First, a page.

I woke the next morning to find a layer of crunchy frost covering my tent, my shoes and my bear can. Not wanting to numb my hands as I had before, I waited for the sun to rise over the mountains and dry out my gear.
I began the climb towards Mather Pass, which required me to scramble on a log over the south fork of the Kings River. An array of colourful wildflowers followed the trail as it wound its way up. I reached the top of Mather Pass just before 11AM, and met a backcountry ranger who was waiting to radio in her daily check-in.
I’d recently been listening to The Last Season, a book about a Sierra backcountry ranger who disappeared in the mid 90s, and was fascinated by the lifestyles of these rangers who spend entire seasons living in remote cabins to protect their patch of wilderness.
The descent from Mather Pass was the diciest of all, winding down steep banks of loose snow above fields of sharp rocks. I put my microspikes on and picked my way down at a snail’s pace, often stopping to consider each individual step before committing to it. Once I cleared the worst of it I took the spikes off, then began the long descent past Palisade Lakes and into LeConte Canyon.
I came across dozens of southbound JMT hikers, nearly all of whom quizzed me about the conditions on the pass. I was shocked by how many of them had found room in their packs for books, umbrellas, camp chairs and even a ukelele, but almost none had thought to bring microspikes.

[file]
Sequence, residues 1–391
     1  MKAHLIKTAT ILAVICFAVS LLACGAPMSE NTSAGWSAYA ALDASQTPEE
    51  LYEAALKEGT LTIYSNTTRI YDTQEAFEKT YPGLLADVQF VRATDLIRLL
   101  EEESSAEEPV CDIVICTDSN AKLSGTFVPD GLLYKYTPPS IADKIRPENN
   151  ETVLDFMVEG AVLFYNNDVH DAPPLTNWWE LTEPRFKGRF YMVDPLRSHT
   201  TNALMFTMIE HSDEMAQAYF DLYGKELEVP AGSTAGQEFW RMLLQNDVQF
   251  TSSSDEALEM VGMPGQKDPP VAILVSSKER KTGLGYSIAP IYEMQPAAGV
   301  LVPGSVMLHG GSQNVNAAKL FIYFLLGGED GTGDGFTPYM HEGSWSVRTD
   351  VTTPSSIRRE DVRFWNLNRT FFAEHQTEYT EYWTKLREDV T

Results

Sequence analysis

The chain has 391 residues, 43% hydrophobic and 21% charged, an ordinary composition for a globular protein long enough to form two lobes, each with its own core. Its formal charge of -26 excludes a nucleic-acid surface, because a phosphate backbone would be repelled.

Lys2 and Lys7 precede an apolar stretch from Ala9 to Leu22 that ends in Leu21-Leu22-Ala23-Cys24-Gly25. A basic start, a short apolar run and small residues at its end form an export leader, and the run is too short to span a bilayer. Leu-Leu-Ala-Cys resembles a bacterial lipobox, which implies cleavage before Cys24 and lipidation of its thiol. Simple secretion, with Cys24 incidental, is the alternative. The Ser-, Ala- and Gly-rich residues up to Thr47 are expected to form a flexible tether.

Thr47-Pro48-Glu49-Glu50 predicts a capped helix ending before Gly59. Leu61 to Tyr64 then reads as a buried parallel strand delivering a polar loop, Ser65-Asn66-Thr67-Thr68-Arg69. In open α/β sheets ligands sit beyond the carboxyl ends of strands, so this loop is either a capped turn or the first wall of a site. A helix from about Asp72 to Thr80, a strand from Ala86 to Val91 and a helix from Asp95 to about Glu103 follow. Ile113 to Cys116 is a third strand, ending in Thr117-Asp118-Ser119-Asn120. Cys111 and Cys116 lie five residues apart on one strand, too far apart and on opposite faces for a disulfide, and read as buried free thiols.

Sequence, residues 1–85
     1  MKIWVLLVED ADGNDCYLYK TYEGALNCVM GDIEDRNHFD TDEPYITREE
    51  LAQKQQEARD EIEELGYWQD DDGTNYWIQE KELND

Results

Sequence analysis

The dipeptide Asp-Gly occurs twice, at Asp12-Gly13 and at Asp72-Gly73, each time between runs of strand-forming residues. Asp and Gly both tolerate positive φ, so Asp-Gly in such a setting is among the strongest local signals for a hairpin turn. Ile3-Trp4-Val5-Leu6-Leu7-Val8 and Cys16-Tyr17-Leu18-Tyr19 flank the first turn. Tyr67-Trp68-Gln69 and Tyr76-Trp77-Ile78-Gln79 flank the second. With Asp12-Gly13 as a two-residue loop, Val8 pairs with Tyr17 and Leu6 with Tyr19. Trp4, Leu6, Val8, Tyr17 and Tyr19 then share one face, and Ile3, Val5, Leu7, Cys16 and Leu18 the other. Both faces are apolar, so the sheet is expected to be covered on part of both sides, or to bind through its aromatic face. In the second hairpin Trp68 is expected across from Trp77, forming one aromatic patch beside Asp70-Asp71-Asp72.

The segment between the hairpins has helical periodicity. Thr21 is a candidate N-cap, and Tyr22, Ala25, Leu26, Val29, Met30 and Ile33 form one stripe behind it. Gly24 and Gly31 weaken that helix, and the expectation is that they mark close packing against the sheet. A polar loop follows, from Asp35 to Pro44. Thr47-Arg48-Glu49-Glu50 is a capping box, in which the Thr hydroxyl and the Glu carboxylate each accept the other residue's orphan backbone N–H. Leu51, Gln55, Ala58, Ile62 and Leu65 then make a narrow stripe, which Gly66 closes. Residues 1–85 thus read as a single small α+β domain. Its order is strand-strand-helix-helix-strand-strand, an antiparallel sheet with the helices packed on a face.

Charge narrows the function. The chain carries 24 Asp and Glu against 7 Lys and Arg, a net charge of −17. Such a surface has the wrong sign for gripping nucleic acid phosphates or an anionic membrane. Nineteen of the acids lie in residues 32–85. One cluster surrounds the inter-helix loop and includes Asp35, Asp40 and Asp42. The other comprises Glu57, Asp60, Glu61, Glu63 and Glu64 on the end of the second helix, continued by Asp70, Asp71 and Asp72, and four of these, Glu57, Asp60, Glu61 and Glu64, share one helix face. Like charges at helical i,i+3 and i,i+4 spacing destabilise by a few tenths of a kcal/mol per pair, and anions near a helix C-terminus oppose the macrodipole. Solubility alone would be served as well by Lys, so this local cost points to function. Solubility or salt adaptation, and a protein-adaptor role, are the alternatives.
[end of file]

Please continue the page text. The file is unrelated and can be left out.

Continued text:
A miles-long staircase led down into LeConte, where Palisade Creek was gushing down from the lakes above. It was deafening. After a few bone-jarring hours of descent I finally made it to the bottom of LeConte Canyon and began the gradual climb towards Muir Pass.
I passed the Bishop Pass trail junction and stopped a couple of miles later by the JMT rock monster (see below), where a mum and her daughter of about 12 had made camp for the night. They were hiking a section of the JMT southbound, and quizzed me about my experiences on the PCT before snapping a picture of me being devoured by the monster.
I ate mac and cheese for dinner and crawled into my sleeping bag. I spent a few minutes reading on my phone before I felt my heart skipped a beat, and then struggle to find a rhythm. It thumped irregularly, the rate rising and falling without provocation. My A-Fib was back.